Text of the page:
- LIVE TV
Many boys around the world dream of becoming professional footballers and in soccer-mad Cameroon, a career in the beautiful game is the ultimate goal in life.
Such is both the love of the sport and the power it has to transform lives in the country, parents are prepared to spend their live savings and send their children abroad in the hope they will become football stars.
It has led to a group of unscrupulous agents preying on young footballers, conning them and their families out of thousands and then leaving the boys stranded and destitute in foreign countries.
The deceitful practise is revealed in Channel 4 documentary The Unreported World this evening as presenter Ade Adepitan, a British wheelchair basketball player and TV presenter, meets the boys who have been left high and dry thanks to being conned.
One of them is a Cameroonian player, Rostang Jean Tey, 25, who shows Adepitan the tiny bedroom he shares in Paris with another African footballer.
He says that when he was 20, an agent promised him a contract in Europe. The agent took thousands of pounds from his family, took him abroad – and then disappeared.
Tey was too ashamed to go home and still clings to the hope he may become a professional footballer – even though he doesn’t have a visa that would allow a club to sign him.
He is lucky he does at least have a room to sleep in, as many of the other aspiring footballers end up on the streets after being ditched by agents.
The International Centre for Sports Security estimates that there could be 15,000 young men stranded in Europe after being trafficked in this way.
Former Cameroon World Cup star Emmanuel Moboang Kessack has set up a charity to help his destitute young compatriots in Paris.
He said: ‘Everyone has his story here. Some they don’t have anywhere to sleep. If I went back to Cameroon and spoke to the boys there and he said to them “Paris is freezing cold, you won’t have anywhere to live, there’s no food over here”, those guys would still come regardless, they would still take that chance, just because they want to live out their dream and become a professional footballer.’
Kessack tells Adepitan that a vast industry has grown using football to trick and traffic talented youngsters.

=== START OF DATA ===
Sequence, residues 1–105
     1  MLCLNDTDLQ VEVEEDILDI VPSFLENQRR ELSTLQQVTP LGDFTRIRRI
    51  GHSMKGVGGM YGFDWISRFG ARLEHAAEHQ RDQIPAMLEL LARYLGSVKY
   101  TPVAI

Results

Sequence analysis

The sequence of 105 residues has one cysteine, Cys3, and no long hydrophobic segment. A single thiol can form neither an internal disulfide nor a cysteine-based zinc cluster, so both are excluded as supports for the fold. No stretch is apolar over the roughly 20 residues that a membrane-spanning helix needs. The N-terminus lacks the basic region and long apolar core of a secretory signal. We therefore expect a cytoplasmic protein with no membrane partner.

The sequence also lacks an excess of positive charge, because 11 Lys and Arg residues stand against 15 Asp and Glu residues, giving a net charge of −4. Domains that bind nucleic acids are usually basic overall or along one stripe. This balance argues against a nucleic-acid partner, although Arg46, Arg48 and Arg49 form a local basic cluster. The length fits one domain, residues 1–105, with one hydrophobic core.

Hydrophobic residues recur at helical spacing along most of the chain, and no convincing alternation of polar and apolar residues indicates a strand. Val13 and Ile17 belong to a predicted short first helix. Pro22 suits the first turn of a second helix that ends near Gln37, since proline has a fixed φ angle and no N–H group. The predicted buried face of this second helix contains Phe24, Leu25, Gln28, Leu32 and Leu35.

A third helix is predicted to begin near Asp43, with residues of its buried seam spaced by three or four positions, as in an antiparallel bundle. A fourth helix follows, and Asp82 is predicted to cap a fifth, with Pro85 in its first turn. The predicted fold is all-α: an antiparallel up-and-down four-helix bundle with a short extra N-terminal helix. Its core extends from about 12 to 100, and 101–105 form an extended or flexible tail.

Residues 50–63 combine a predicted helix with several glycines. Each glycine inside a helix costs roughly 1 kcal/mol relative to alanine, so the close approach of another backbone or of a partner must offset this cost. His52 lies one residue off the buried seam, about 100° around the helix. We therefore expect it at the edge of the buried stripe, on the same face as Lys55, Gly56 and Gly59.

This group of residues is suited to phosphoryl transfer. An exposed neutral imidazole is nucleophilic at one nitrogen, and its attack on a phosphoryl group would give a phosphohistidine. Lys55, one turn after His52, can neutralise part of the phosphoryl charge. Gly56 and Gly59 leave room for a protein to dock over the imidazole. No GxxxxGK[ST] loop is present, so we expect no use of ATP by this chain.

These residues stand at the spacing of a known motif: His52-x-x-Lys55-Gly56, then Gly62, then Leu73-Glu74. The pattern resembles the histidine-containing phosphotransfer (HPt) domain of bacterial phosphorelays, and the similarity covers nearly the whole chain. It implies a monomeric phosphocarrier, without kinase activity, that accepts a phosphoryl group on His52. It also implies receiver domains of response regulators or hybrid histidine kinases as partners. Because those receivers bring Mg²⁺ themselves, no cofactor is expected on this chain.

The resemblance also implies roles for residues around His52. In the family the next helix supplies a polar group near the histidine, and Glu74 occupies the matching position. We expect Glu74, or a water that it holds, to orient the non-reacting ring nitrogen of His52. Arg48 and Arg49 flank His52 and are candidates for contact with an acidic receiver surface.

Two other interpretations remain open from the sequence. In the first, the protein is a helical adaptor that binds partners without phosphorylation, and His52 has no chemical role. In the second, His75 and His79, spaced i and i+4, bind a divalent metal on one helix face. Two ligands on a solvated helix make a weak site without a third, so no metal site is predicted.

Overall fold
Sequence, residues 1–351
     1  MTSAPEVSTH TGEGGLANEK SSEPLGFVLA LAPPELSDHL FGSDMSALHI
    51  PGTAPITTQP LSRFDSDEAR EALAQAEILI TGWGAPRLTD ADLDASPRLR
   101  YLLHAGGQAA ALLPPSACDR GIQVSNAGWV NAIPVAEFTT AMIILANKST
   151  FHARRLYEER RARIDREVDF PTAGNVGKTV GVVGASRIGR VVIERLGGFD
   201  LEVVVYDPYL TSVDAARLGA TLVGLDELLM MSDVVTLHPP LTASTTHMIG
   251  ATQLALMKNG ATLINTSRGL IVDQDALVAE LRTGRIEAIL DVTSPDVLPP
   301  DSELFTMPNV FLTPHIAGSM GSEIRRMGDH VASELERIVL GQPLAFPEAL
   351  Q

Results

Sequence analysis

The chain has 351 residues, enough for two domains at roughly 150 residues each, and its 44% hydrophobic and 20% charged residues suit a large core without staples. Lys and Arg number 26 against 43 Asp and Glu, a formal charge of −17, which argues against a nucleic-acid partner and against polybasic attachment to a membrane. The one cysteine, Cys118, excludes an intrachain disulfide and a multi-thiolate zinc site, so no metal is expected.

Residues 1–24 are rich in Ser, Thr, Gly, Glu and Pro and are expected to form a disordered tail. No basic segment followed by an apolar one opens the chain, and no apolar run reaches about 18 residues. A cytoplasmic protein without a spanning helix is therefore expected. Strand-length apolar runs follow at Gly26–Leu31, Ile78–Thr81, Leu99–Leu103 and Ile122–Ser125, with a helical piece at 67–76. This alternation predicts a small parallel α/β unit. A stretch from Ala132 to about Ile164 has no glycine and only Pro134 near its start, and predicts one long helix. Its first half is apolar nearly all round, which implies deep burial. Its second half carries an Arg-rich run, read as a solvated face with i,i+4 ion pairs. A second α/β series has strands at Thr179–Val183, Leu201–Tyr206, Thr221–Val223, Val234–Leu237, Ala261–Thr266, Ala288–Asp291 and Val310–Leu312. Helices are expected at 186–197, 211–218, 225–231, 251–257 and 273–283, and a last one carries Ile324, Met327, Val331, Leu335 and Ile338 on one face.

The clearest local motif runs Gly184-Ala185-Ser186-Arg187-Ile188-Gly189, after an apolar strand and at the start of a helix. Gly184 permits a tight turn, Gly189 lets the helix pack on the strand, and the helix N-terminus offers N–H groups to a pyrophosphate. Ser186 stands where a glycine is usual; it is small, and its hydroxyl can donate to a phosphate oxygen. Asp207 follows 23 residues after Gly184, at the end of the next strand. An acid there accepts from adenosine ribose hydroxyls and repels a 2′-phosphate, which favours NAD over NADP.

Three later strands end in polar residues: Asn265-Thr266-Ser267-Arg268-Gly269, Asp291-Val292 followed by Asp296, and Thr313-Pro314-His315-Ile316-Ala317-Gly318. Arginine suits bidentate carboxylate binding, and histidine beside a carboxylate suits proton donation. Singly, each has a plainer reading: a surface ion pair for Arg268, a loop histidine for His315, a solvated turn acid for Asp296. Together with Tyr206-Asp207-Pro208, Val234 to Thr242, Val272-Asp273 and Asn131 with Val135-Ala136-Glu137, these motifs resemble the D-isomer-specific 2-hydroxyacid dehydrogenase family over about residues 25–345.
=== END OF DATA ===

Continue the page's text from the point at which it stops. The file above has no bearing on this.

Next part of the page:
‘There are agents without any licence. They just go to the family, I can take you, if you give me 2,000, 5,000 dollar then your son will go to England, to Manchester… the boys go, arrive in Europe and nobody meets them.’
To prove his point, Kessack takes the Unreported World team to meet 19-year-old Abdel Kareem, a goalkeeper with one of Cameroon’s top clubs.
Last year Abdel’s agent told him he had a contract to play in Miami. Abdel’s family paid the agent $4,000 (£2,616) – their lifetime savings.
His whole family saw him off as he boarded his flight with his agent and several other players.
But after a few hours the flight made a scheduled stop in Ethiopia. The agent told the players he was going to buy some food and they should wait for him. And with that he disappeared, abandoning the players without tickets or passports.
Abdel ended up being thrown in a jail cell.
He recalls: ‘The police took me with them straight to the cell. They didn’t want any explanation.
‘They knew only I was from Cameroon. They treated me like a thief, a criminal.’
After two days in the airport he was sent back to Cameroon where he was upset and ashamed to return to his family who had sacrificed so much in the hope he would become a football star.
Adepitan said: ‘I could still see the pain in Abdel’s eyes. I just feel so bad for him. And what is just so amazing to think is that he’s like any other kid in the world, he started off with a dream and someone took advantage of that dream and ended up leaving him stranded in prison in the middle of nowhere. I mean that is just too high a price to pay. I just can’t believe it.’
Abdel’s story is far from unique. The family of Gilbert Etugay, once a striker with a top Cameroonian club, were also left penniless thanks to an unscrupulous agent.
He was taken to Qatar and his agent disappeared – with $10,000 (£6,516) of Etugay’s family savings.
His mother Katrene said the family had all worked hard to earn the money to send Etugay to Qatar as they wanted to support his footballing ambitions.
She said: ‘There were family contributions because all of us were working. All of us put our hands on deck and we contributed.’
Now she says they are trying to move on as there is nothing they can do to gain justice or get their money back.
Cameroon’s Football Association say under FIFA’s supervision they are rebuilding the football association to be stronger and more ethical.
But for families like Abdel’s and Etugay’s, it’s too little too late.
– Daily Mail